Little Black Sambo has always had its supporters, even if their strongest response to the racism charges was that British author Helen Bannerman was just a naive old sweetie no more racist than any other turn-of-century British colonial in India.
Certainly, Bannerman was no Hitler, and the substance of her story is respectful: Sambo is the hero of the tale and his parents are nothing but wonderful, loving people. In fact, the book is almost universally considered not only charming, but also a bona fide classic of children’s literature, vividly illustrated, written to a beat, and with a cracking ending.

The Japanese reaction has been largely sentimental; Chibikuro Sambo sold over 1.2 million copies here before it was pulled, and it still arouses nostalgia—natsukashii! You don’t find that many people in Japan who think it’s a racist book. Then again, you don’t find that many black people in Japan either.

That Bannerman and illustrator Frank Dobias portrayed their young protagonist as black even though he was clearly in India (there are no tigers in Africa, to my knowledge) is one of the clearest indications that Bannerman’s attitude, if not antagonistically racist, was at best unintentionally condescending. After all, it’s not as though she made the name up; a century ago, sambo was a moniker for all non-whites—Indians, blacks, Southeast Asians. One imagines they all looked somewhat the same, as it were.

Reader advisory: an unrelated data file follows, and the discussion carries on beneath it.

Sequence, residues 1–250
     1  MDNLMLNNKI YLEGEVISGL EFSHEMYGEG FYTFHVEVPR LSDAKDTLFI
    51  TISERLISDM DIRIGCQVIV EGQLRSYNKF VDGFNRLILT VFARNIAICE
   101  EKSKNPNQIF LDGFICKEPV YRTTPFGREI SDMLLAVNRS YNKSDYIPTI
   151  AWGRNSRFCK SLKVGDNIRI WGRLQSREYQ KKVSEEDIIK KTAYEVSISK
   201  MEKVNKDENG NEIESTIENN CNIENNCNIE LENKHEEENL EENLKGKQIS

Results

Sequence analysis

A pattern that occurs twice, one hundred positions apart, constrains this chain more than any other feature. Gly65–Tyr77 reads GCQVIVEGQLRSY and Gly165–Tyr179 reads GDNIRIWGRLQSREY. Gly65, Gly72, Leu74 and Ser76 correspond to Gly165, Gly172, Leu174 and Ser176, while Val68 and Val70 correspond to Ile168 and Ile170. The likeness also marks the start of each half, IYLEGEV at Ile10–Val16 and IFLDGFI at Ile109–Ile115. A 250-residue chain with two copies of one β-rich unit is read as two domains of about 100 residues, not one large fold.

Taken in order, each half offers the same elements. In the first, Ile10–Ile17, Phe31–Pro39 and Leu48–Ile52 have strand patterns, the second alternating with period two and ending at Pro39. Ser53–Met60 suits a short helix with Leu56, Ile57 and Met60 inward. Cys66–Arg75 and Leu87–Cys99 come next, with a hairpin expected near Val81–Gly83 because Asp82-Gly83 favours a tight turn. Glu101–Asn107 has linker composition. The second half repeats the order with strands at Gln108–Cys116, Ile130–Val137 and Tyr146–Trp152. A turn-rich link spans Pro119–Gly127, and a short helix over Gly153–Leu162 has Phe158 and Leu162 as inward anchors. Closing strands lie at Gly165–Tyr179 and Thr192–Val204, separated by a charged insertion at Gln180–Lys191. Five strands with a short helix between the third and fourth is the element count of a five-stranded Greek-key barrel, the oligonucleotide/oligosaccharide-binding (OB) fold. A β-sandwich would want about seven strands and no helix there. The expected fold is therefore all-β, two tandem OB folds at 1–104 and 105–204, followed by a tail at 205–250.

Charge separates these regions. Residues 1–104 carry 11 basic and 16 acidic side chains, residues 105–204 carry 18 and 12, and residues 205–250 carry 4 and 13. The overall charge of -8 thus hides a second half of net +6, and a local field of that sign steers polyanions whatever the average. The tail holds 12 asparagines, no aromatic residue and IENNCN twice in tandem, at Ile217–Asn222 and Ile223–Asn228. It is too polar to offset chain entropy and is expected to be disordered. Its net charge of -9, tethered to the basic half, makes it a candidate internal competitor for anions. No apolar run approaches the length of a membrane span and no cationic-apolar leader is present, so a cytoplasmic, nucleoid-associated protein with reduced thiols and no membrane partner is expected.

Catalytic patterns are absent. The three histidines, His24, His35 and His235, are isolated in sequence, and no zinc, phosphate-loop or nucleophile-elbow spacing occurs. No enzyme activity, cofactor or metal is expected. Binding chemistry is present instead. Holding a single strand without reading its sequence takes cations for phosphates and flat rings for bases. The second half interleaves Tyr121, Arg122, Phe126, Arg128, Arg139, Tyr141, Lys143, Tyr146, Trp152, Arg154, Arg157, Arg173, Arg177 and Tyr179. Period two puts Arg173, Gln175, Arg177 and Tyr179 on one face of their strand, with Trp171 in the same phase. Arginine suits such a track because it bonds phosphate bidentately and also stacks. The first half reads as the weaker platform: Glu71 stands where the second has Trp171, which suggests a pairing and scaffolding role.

In the June edition of Bungei Shunju, Zuiunsha’s Tomio Inoue takes the whole “racist vs. insensitive” discussion to a new level, saying that it’s OK to reprint the story since “in the world today, there aren’t feelings of discrimination toward black people because we see them active in many areas and having a positive impact on many people… I think we need to have more faith in the children of Japan.”

Inoue claims that Sambo was a common name in northern India meaning “excellent,” and he describes Dobias’ golliwog-like depictions of the supposedly Indian child as a “bold use of color.” In the US, where the book is also in print and has been a regular bestseller, illustrator Fred Marcellino apparently solved the debate with The Story of Little Babaji, in which he changed the names of the characters to Babaji, Mamaji and Papaji. But the Japanese version keeps the original names and illustrations. And while an online petition protesting the Japanese reprint has sprung up, it has only garnered a few hundred signatures, many from abroad.

In a country where the black population remains small, it seems that many Japanese don’t care that sambo is considered to be as offensive as “darky” or “pickaninny.” In the two months since it was published, Chibikuro Sambo has already reportedly sold over 100,000 copies.
Roy Mustang